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Wednesday, 8 September 1920

Mr TUDOR (Yarra) .- I move -

That after the word "Arbitrator," line 2, the following words be inserted: - "and two Assessors, one representing the Commonwealth and the other the employees."

I gave notice, on the second reading, of my intention to move this amendment. Thehonorable member for Hindmarsh (Mr. Makin) is, I know, of opinion that these assessors should be given a vote, but I think it is better that they should act merely as advisers to the Arbitrator. I am not sure whether the honorable member for South Sydney (Mr. Riley), in the position he occupied in the Arbitration Court in New South Wales, had the power to exercise a vote or not. I know it is the practice to give the representatives of both sides a vote in connexion with Wages Boards in Victoria but I am not sure of the procedure under the Arbitration Act of Western Australia. There is in Victoria at the present time a claim being considered by a Railway Board on which there are representatives of the Commissioners for Railways and of the employees. I believe that Mr. Carolan is the representative of the Railways Commissioners and Mr. Smith is the representative of the employees. They are merely assessors assisting Judge Winneke in the consideration of the case. I do not suggest that assessors appointed under this Bill should be permanently appointed. If a case affecting railway servants is under consideration there should be railway men acting as assessors to assist the Arbitrator in coming to a decision. If the case affects letter-carriers, one of the assessors should be a lettercarrier, as he would know the details of the work of those employed in that business. The assessors should be men in a position because of their knowledge to give technical information to the Arbitrator.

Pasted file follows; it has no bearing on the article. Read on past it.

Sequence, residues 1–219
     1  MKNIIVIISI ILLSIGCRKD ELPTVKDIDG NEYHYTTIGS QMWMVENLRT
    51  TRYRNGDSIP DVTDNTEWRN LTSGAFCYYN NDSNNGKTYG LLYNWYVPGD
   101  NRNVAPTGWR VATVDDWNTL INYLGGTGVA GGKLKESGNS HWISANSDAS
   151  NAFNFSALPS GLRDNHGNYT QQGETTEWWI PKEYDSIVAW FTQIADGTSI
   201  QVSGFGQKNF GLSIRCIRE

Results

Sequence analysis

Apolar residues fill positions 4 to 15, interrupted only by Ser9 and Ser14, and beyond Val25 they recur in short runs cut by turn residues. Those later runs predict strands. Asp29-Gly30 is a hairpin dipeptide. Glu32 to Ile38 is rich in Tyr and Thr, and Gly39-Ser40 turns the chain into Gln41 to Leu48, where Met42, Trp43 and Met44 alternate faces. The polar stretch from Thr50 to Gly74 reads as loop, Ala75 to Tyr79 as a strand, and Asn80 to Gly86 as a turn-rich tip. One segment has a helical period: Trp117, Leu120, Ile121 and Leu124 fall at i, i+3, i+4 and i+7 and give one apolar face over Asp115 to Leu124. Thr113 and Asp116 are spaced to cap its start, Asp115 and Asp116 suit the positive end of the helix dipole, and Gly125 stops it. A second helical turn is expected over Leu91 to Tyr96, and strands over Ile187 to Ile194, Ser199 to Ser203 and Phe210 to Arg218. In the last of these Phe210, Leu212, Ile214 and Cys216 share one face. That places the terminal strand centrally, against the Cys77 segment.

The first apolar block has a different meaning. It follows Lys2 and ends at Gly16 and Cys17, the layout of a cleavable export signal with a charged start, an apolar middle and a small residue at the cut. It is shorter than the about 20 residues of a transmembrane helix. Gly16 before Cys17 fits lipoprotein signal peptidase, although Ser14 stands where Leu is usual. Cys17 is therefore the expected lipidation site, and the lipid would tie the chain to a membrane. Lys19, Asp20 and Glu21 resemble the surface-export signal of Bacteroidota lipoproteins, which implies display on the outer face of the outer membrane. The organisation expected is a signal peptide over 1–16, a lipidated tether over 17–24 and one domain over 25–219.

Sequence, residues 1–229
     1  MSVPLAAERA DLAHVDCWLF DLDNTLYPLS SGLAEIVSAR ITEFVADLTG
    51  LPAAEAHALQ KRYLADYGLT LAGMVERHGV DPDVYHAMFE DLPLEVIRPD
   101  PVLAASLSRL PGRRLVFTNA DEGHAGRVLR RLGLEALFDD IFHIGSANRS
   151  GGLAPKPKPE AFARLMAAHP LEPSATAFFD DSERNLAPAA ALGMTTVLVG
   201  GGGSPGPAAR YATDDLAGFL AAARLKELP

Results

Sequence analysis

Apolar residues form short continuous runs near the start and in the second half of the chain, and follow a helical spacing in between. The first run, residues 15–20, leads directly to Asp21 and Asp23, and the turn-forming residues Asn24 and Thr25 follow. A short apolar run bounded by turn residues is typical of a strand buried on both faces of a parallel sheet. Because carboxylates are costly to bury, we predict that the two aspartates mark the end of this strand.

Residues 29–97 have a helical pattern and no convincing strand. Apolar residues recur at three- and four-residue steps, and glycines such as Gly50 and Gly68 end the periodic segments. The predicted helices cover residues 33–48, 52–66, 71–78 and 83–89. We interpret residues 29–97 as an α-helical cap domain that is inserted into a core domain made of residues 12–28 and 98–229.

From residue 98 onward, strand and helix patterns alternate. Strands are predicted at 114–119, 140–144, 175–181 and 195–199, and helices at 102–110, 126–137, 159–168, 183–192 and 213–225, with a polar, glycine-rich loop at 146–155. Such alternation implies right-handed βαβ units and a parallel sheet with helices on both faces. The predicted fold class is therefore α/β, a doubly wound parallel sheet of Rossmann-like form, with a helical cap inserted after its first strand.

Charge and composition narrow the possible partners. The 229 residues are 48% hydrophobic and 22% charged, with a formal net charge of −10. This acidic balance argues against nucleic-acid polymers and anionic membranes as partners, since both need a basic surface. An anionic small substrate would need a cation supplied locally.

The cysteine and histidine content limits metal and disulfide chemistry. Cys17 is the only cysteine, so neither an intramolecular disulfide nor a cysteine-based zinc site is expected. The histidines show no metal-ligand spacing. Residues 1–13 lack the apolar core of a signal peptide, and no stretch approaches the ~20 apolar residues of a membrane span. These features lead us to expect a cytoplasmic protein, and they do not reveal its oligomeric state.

Mr Maxwell - The honorable member does not propose the appointment of two assessors whose term of office shall be conterminous with that of the Arbitrator ?

Mr TUDOR - No; I do not suggest that they should be appointed for seven years. My idea is that in each case considered they should be advisers competent to assist the Arbitrator. I believe that the Government would be well advised if they accepted my amendment. In the Industrial Peace Bill we adopted an exactly similar principle, but in that case we made provision for the appointment of up to six representatives of each side.

I am not sure how organized employees in the Public Service will regard this Bill. In reply to the honorable member for Flinders (Mr. Bruce) the Minister has just said that they need not take advantage of it, and that they may, if they please, go to the Arbitration Court.

Mr Groom - Only certain of them can do that.

Mr TUDOR - ThosĀ© employed in the Commonwealth factories can go to the Arbitration Court.

Mr Groom - That is where they, apparently, are going at the present time.

Mr TUDOR - Engineers employed at Lithgow and members df the Clothing Union can go to the Arbitration Court, and I do not think that many of those who are in a position to go to the Arbitration Court will take advantage of this Bill. Whether they do or not, the principle of my amendment is sound, and I hope that it will be accepted.

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